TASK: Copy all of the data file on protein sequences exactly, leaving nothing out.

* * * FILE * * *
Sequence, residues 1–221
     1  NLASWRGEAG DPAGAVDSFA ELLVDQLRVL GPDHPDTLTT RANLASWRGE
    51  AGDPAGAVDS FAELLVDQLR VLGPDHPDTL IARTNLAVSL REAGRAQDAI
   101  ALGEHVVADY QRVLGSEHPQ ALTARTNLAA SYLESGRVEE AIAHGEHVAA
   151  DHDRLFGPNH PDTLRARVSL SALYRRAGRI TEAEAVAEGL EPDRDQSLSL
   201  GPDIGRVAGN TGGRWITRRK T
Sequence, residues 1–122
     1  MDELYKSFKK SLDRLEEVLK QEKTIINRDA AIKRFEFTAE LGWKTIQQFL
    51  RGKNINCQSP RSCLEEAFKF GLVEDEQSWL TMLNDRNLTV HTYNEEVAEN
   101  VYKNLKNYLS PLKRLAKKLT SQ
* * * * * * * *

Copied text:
Sequence, residues 1–221
     1  NLASWRGEAG DPAGAVDSFA ELLVDQLRVL GPDHPDTLTT RANLASWRGE
    51  AGDPAGAVDS FAELLVDQLR VLGPDHPDTL IARTNLAVSL REAGRAQDAI
   101  ALGEHVVADY QRVLGSEHPQ ALTARTNLAA SYLESGRVEE AIAHGEHVAA
   151  DHDRLFGPNH PDTLRARVSL SALYRRAGRI TEAEAVAEGL EPDRDQSLSL
   201  GPDIGRVAGN TGGRWITRRK T
Sequence, residues 1–122
     1  MDELYKSFKK SLDRLEEVLK QEKTIINRDA AIKRFEFTAE LGWKTIQQFL
    51  RGKNINCQSP RSCLEEAFKF GLVEDEQSWL TMLNDRNLTV HTYNEEVAEN
   101  VYKNLKNYLS PLKRLAKKLT SQ